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Admittedly, I read the first part of the article while eating breakfast and haven't finished as I'm off to work. But what hit me up front was the "21 foot rule" note , "... called it the '21 Foot Rule'. Mr. Tuller has stated himself that it is not a rule it was a drill. The Tuller's basic premise was that the 'average' officer could draw and fire one round in 1.5 seconds and the average person could travel 21 feet in 1.5 seconds. Tuller was contacted via email to confirm some of these details."

This rule was given to me, I believe, as a motivator to get proficient at 3 yards and to be cognizant of attackers distance when determining my response. However, this statement is a bit turned around as I think I should consider my draw-time-to-fire and adjust the distance to my ability. For example, if my proficient average was 2 seconds, then my response distance would be longer than 21 feet, perhaps as much as four yards ( considering my bad math).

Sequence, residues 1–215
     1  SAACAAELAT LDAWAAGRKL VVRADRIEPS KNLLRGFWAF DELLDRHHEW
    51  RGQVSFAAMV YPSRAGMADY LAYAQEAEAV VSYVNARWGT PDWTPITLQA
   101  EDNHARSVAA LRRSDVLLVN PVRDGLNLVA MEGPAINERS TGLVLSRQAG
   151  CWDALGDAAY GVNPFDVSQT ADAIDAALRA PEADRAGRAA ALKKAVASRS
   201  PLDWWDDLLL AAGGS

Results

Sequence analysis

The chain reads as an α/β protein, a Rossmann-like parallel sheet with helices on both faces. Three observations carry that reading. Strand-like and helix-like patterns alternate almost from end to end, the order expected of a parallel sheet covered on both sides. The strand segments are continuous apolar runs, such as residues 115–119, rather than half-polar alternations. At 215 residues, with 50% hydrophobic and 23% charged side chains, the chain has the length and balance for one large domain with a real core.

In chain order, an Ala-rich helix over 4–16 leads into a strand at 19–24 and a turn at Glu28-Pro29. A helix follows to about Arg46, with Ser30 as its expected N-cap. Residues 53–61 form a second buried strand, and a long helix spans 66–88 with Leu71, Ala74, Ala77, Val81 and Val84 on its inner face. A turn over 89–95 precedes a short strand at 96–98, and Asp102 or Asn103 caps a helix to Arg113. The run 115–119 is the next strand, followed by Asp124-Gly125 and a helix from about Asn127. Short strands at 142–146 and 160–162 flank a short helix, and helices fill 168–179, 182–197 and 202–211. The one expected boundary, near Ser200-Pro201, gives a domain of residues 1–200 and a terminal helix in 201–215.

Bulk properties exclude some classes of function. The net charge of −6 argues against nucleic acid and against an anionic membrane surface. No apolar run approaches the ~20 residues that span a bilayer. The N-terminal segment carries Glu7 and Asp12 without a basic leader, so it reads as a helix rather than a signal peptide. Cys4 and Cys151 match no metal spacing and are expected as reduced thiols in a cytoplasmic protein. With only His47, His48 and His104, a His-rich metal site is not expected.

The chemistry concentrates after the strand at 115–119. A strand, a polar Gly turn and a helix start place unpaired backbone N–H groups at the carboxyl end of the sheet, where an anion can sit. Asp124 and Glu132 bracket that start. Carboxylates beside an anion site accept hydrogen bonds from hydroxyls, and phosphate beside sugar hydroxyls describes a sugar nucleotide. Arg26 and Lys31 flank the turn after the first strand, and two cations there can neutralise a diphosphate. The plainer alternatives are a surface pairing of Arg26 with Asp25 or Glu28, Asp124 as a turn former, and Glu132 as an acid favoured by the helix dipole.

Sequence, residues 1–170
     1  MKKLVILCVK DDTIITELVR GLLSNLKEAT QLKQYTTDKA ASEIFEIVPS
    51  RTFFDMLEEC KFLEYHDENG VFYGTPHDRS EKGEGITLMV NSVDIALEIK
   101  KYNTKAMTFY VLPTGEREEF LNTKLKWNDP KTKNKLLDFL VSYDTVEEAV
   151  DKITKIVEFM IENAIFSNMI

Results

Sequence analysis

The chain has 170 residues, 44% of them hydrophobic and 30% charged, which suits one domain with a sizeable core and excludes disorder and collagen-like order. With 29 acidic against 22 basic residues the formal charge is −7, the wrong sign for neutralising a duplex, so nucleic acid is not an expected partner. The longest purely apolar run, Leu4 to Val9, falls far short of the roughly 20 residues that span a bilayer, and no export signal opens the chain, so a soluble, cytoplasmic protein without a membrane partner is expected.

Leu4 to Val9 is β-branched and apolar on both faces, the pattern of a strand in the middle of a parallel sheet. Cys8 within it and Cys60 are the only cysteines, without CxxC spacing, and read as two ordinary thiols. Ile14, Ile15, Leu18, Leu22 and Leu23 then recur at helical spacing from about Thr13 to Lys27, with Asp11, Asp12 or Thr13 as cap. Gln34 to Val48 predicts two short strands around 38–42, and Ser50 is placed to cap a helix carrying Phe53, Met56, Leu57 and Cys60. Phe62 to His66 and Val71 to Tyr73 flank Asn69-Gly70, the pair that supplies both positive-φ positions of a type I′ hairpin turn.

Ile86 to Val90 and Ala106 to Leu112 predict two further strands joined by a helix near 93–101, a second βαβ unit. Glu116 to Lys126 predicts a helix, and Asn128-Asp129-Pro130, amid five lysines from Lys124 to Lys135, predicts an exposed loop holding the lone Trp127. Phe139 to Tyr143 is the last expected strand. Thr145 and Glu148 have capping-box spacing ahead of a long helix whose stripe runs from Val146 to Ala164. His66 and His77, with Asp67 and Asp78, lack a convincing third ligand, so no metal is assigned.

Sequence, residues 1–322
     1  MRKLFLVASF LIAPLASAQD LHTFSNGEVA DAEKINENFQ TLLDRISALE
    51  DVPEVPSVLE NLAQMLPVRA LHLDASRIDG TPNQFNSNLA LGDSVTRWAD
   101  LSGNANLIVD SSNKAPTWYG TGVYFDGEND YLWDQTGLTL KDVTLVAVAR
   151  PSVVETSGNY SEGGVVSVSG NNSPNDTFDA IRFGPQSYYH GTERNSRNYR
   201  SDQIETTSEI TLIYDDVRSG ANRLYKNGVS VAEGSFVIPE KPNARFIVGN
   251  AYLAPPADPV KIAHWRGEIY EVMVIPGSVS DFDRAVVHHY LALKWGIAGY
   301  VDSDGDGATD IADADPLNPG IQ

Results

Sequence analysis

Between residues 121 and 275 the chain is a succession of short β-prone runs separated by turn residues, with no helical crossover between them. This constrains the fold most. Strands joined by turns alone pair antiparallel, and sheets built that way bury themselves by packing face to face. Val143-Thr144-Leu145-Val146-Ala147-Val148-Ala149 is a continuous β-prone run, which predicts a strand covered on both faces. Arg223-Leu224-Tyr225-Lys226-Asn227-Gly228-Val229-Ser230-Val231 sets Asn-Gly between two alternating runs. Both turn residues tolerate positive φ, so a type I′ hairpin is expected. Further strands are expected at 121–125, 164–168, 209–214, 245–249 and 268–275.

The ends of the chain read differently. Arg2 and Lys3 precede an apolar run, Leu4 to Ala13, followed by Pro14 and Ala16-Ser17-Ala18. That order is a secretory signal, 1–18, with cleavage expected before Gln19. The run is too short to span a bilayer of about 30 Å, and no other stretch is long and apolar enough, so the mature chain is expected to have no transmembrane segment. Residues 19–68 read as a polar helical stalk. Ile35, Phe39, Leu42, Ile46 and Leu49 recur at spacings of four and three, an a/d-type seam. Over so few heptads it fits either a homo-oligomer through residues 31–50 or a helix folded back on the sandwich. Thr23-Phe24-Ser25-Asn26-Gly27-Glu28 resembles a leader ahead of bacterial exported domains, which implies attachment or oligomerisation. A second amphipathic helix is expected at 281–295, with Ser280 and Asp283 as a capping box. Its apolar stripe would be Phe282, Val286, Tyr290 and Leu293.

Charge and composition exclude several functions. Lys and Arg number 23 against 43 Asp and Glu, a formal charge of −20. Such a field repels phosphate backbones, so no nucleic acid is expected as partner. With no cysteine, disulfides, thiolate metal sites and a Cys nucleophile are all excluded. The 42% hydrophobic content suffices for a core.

That correction to the rule and it's creation has me looking at things a little differently.
if anyone uses the tuller drill to improve their draw time they are missing the mark by a long margin...the tuller drill teaches, if anything, that a person should get off line instead of standing in dead mans shoes when being charged...i dont care how fast your draw is...youre gonna get run over by a man with holes in him if you dont move the f#@! out of the way...
 

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if anyone uses the tuller drill to improve their draw time they are missing the mark by a long margin...the tuller drill teaches, if anything, that a person should get off line instead of standing in dead mans shoes when being charged...i dont care how fast your draw is...youre gonna get run over by a man with holes in him if you dont move the f#@! out of the way...
How would that work?